As many freshmen are transitioning into college culture, they are learning new things outside the classroom. They are learning how to behave when riding the elevator in Anderson Hall or what to wear when going out to a party. One could liken it to moving into a new country, dictated by new social norms and its own unique language. Students arriving from foreign countries, freshmen or not, go through a similar culture shock.
To assist these international students, Conversation Partners is run from within the English Language Learner’s intensive language program. The program gives students an opportunity to interact with U.S. college students of the same age.
Though students may know how to speak English, the international students learn more about the conversational and colloquial aspects of speech that are difficult to teach in a classroom through partnerships with U.S. students.
“It helps them build relationships with Philadelphia and with Temple. I hope they also feel welcomed and a part of campus,” said Joanne Bateup, student services coordinator for the intensive English language program.
In addition to possibly developing a relationship with their native-speaking partner, the program also provides additional comfort with speaking to people outside of a classroom setting, thus helping to make it easier to build relationships outside of the program.
Bateup matches domestic students with international student partners. Students are paired based on responses to a short survey that is administered upon expressed interest. The survey asks students about majors, language experiences, gender preferences and non-academic interests. Bateup uses these to gauge possible compatibility of students.
The international students’ language skills vary from student to student. Most in the Conversation Partners program are intermediate and above-level speakers, meaning they are capable of holding a conversation, but might have broken sentence structure and some blanks in vocabulary.
The main goal of the program may be to help international students develop their English speaking skills, but the American students also benefit, Bateup said. These students get the experience of meeting people from another nation and being exposed to other cultures without leaving the United States.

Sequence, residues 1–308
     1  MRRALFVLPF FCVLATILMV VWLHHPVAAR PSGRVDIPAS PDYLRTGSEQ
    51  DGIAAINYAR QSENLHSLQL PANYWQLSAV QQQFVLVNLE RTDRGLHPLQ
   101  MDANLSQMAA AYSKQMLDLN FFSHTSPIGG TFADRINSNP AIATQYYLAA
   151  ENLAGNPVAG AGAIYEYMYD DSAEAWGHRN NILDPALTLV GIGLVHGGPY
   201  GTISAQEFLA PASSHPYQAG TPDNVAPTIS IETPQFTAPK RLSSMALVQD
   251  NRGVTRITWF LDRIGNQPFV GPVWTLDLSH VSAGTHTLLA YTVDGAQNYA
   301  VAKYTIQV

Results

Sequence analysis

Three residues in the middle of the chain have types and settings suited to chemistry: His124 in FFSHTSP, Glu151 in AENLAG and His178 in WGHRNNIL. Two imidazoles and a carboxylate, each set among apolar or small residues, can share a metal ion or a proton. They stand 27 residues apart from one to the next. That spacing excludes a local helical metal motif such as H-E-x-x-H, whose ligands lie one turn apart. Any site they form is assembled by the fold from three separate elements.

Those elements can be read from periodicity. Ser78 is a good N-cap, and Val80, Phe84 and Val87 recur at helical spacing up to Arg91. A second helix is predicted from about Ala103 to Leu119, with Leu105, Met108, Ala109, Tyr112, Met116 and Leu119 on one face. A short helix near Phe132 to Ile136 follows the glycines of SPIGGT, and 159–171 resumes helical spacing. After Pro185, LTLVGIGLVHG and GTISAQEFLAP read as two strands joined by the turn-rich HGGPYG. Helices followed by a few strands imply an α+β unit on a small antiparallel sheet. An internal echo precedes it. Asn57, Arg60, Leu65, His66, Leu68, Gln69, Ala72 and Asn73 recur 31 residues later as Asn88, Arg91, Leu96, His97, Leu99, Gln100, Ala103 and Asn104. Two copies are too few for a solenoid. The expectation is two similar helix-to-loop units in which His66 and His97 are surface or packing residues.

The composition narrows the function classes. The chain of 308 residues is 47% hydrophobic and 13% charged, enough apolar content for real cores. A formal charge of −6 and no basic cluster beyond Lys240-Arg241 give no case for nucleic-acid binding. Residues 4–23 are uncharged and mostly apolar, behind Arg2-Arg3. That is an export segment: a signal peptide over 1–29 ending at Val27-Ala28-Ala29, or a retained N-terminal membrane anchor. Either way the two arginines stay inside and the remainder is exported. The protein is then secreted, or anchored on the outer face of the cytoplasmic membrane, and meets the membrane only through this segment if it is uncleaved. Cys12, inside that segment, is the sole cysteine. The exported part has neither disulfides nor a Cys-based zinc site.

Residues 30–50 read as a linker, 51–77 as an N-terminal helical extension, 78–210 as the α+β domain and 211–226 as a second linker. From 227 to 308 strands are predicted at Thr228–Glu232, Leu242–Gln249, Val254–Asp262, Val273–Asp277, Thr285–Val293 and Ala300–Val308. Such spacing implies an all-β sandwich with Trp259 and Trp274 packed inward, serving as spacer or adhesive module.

These students are usually in foreign language classes and students who have or are planning on studying abroad as well as some who plan on going into teaching English as a second language, but the program is open to anyone.
“They have an understanding of how it feels, and know the experience of wanting to meet people and not necessarily knowing how,” Bateup said. “They like to be that avenue for someone else.”
Erin Kim, a junior early education major who has participated in the program multiple times, originally entered the program because her ESL education friends were doing it.
Kim had a diverse experience with an array of languages, including Japanese, French and Spanish. Her most developed language, besides English, is Korean. With her mother from Korea and her father from the U.S., Kim grew up in a bilingual houehold.
In America, Korean immigrants and their families develop a tightly-knit community around their shared culture and language that allowed Kim’s mother to continue to mainly speak Korean and even, to Kim’s annoyance at times, not develop complete English skills, she said.
“[The program] totally gives a new view on everything, new way to solve the problem — not really a problem, but a challenge,” Kim said.
She added that the experience teaches patience and to be more accommodating of others.
Kim has been matched with multiple Korean international students, but also had partners from Spain and Saudi Arabia. As a self-proclaimed social person, Kim enjoys the laidback and unstructured nature of the program that allows for much flexibility. She appreciates how often she gets to meet new people.
Kim said she makes it a point to encourage her partners, especially those who she shares Korean heritage with, to fully immerse themselves in the U.S. culture by speaking mostly English.
Morgen Snowadzky can be reached at firstname.lastname@example.org.